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Python 3 and Unicode

And so having stuffed our brains with character sets and encodings we get down to the nitty gritty of how to use all this in Python 3.

Before you go any further you might find it useful to fire up a Python 3 interpreter by typing python3 in your terminal and pressing enter.

NOTE: You need to make sure your browser is capable of displaying Unicode characters to read this page correctly! πŸ™ˆ

How to enter Unicode characters in Python

Here's how to declare a Unicode string in Python:

>>> s1 = "πŸ˜€"

So how did we get that character in there? Well, you can use the character map tool on Mac or equivalent. You can also enter the character in a couple of other ways. The first is using the long name. In the interpreter you could do:

>>> t = "\N{PILE OF POO}"
>>> s
>>> t

The other way is to use a Python \u notation for two-byte characters:

x = "\u0394"
>>> print(x)

There's also \U for four byte characters:

y = "\U0001F49C"
>>> print(y)

Unicode strings by default

You'll notice Unicode strings are now the default in Python 3. This is stored internally in Python as a series of code points, that is UCS-4. You can confirm this:

>>> import sys
>>> print(sys.maxunicode)

If it prints out 1114111 you're on UCS-4.

Now what if you want to print Unicode characters out? You can just use print:

>>> print(s1)

Will print out the smiling face character as expected. So far so good!

Encoding strings

Now, what if we want to write these strings out from Python's cozy world of UCS-4 to some harsh reality of file systems and networks?

First, check your default encoding:

>>> import sys
>>> print(sys.getdefaultencoding())

This will return 'utf-8' which is the default encoding for Python. If you don't get 'utf-8' your world is about to fall apart. UTF-8 makes sense as much of the real-world now uses UTF-8.

Just to be sure (belt and braces) you can also check the encodings for standard files:

>>> import sys
>>> print(sys.stdin.encoding)
>>> print(sys.stdout.encoding)
>>> print(sys.stderr.encoding)

Will all return 'utf-8'.

The thing to remember is when you write out from Python to the real world, you need to encode your UCS-4 codepoints. By default that will be done using UTF-8. When you read in the byte stream it will be assumed to be (by default) UTF-8, and if it's not you'll get a mess.


When you are reading files you'll need to know the encoding that the contents of the file uses. For example, let's say you have a crusty old Windows file from a floppy disk using ISO-8859-1. To read that file correctly you would do this:

fin = open(filename, 'r', encoding='iso8859-1')
text = fin.read()

Notice how to specify the inbound encoding.

Now let's say you wanted to write that out as UTF-8, you'd do this:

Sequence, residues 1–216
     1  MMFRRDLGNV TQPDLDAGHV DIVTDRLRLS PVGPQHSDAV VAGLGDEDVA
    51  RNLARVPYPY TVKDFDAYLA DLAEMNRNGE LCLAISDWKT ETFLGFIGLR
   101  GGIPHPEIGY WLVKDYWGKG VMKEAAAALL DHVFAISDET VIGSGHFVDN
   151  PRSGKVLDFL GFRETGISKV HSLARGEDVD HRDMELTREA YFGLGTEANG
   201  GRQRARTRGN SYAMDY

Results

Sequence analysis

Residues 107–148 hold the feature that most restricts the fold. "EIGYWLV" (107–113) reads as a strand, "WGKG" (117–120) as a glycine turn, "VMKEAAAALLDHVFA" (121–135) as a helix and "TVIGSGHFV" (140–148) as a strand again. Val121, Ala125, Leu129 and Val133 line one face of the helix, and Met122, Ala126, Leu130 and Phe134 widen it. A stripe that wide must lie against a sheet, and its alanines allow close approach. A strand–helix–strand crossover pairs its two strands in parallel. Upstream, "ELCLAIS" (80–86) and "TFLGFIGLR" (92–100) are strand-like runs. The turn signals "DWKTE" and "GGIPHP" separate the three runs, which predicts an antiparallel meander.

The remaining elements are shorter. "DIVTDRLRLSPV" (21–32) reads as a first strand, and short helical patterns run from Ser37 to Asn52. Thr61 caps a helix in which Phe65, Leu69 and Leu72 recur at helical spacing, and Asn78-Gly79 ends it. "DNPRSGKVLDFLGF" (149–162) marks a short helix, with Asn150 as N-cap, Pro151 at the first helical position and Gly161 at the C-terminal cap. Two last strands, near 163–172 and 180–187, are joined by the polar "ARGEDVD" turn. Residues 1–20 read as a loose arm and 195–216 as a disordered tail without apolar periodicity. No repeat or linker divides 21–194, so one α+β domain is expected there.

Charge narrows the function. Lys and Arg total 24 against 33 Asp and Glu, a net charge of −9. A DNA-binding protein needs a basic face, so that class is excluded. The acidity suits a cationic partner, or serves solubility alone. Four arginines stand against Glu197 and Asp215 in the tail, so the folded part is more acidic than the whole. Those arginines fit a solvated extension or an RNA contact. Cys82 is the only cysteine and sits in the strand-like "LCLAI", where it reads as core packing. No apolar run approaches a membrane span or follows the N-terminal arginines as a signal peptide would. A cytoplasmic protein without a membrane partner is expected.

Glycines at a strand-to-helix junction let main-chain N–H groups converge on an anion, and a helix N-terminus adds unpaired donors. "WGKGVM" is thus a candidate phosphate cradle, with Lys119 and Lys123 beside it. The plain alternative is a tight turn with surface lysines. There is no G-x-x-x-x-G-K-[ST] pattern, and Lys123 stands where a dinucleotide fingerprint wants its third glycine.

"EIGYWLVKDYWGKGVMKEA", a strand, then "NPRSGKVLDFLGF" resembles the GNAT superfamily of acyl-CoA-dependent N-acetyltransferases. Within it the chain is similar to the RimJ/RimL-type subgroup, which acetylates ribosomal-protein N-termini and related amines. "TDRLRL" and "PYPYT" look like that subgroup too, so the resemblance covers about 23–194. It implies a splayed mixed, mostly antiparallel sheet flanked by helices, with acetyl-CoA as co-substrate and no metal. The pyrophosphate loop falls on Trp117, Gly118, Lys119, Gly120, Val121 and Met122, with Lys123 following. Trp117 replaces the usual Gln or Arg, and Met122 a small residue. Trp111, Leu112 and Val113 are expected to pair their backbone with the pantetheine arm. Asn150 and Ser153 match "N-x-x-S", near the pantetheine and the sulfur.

fout = open(filename, 'w', encoding='utf-8')

Or more simply:

fout = open(filename, 'w')

This works as UTF-8 is the default.

It's worth pointing out that it would not make too much sense to read a UTF-8 file full of Unicode characters, and then attempt to write that out as, say, ASCII. You'd get and error anyway, something along the lines of the following:

>>> z
'This is a πŸ’©'
>>> z.encode('ascii')
Traceback (most recent call last):
  File "<stdin>", line 1, in <module>
UnicodeEncodeError: 'ascii' codec can't encode character '\U0001f4a9' in position 10: ordinal not in range(128)

Note from the error message ASCII has to be a value from 0 to 127, a range of 128.

Byte streams

If you are dealing with byte streams, you may need to encode or decode these as appropriate. For example, let's say we had a byte stream we knew was encoded with UTF-8, we could decode it as follows:

bs = b'This is a \xf0\x9f\x92\xa9'
z = bs.decode('utf-8')

We can of course go the other way:

s = "This is a πŸ’©"
bs = s.encode('utf-8') # bs is now an encoded byte stream

This above snippet takes a Python Unicode string and encodes it as a UTF-8 byte stream.

So, what happens when the wrong encoding is used? Take a look at the following Python interpreter session:

>>> x = b'\xf0\x9f\x98\x85'
>>> x
>>> print(x)
>>> print(x.decode('utf-8'))
>>> print(x.decode('utf-16'))
ιΏ°θ–˜        # Not what we wanted!

You can see that given some byte stream, if we guessed its encoding as 'UTF-8' we'd get the correct character printed out. If we however assumed it was UTF-16 and decoded it as such we'd get much confusion!


The take away here is that Unicode is much easier in Python 3. Unicode is the default for strings, UCS-4 is used by Python internally, and the default encoding for dealing with the real world in UTF-8. That is all very sensible. Python provides tools for entering Unicode strings directly, and for encoding and decoding when working with byte streams directly, or when reading and writing files.

So that concludes this short series on character sets and encodings. I wish you much πŸ’› in your dealings with Unicode!